Sepideh Keshavarz, a Baha’i woman residing in Tehran, voluntarily handed herself over to Evin prison on July 3 to serve a one-year prison sentence.
Keshavarz was arrested by security forces on November 20, 2018, and was released on bail the following day.
The Tehran Revolutionary Court sentenced her to three years and seven months in prison for allegedly acting against national security. She was also handed an eight-month prison term on charges of “propaganda against the system.”
The Court of Appeal dismissed the latter charge but upheld the three years and seven months prison sentence.
The case was subsequently reviewed by the Supreme Court, which sent it back to Branch 54 of the Court of Appeal in Tehran province for further examination.
On March 13, that court reduced Keshavarz’s sentence to one year in prison.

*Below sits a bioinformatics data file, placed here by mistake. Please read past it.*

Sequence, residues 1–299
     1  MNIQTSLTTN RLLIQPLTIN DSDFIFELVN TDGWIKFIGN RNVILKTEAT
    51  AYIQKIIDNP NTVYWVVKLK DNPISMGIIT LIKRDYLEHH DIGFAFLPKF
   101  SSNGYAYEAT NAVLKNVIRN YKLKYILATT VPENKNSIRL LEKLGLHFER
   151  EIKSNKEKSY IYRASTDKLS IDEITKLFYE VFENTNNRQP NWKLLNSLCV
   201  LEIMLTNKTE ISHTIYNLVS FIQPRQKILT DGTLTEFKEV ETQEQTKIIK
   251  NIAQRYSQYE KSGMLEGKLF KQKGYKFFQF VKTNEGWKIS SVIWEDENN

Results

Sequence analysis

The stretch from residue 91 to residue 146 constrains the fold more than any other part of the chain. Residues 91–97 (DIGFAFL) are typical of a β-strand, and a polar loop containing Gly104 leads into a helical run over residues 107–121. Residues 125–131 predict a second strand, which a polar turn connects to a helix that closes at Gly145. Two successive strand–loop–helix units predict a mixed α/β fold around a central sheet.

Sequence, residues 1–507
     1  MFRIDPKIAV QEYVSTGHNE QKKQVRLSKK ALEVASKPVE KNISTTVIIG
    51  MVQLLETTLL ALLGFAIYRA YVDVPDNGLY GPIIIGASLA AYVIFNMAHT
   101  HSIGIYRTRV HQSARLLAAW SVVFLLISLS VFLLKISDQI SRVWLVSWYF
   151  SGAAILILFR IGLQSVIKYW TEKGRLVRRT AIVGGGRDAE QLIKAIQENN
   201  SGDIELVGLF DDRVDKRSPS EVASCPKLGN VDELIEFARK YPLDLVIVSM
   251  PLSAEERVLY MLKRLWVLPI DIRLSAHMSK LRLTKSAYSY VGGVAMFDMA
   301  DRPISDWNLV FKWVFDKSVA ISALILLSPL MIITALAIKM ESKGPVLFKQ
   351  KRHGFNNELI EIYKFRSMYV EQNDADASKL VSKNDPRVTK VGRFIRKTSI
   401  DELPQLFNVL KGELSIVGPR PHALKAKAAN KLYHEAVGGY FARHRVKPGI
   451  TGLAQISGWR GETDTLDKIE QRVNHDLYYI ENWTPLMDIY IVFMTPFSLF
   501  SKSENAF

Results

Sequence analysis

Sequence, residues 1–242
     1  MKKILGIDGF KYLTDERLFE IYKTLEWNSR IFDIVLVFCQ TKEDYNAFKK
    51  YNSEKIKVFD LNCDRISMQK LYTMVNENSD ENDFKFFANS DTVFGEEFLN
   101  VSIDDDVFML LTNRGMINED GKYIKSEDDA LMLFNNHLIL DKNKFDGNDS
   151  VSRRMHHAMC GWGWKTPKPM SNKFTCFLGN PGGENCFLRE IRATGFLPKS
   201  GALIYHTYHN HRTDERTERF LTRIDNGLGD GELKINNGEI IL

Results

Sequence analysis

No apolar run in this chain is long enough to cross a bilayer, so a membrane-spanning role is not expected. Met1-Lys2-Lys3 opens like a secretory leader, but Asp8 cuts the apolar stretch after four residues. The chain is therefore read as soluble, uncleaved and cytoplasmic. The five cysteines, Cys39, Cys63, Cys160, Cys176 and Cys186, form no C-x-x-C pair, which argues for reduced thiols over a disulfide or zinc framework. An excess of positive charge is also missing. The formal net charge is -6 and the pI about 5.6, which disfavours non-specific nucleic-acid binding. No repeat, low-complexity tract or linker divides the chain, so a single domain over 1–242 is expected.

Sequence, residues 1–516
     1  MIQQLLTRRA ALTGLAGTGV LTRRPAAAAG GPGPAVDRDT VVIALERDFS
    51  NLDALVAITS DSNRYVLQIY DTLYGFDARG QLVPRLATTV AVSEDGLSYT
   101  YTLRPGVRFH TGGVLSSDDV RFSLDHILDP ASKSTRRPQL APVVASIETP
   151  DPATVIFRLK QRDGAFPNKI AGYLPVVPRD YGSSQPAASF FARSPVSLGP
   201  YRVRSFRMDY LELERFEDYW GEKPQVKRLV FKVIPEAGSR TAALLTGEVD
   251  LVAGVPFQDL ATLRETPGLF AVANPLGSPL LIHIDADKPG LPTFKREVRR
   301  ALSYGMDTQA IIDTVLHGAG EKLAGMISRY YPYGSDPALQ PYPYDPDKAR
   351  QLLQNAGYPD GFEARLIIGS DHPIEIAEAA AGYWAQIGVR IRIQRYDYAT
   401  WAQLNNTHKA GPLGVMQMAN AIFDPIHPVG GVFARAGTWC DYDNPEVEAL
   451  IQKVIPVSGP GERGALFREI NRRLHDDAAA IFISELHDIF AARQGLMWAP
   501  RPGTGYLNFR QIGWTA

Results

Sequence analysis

The Iranian authorities’ crackdown on members of the Baha’i minority appears to have accelerated since July last year.
The clampdown has continued after the eruption of nationwide demonstrations in September 2022, with dozens of arrests reported over the past few weeks.
Shia Islam is the state religion in Iran. The constitution recognizes several minority faiths, including Christianity, Judaism, and Zoroastrianism, but not the Baha’i faith.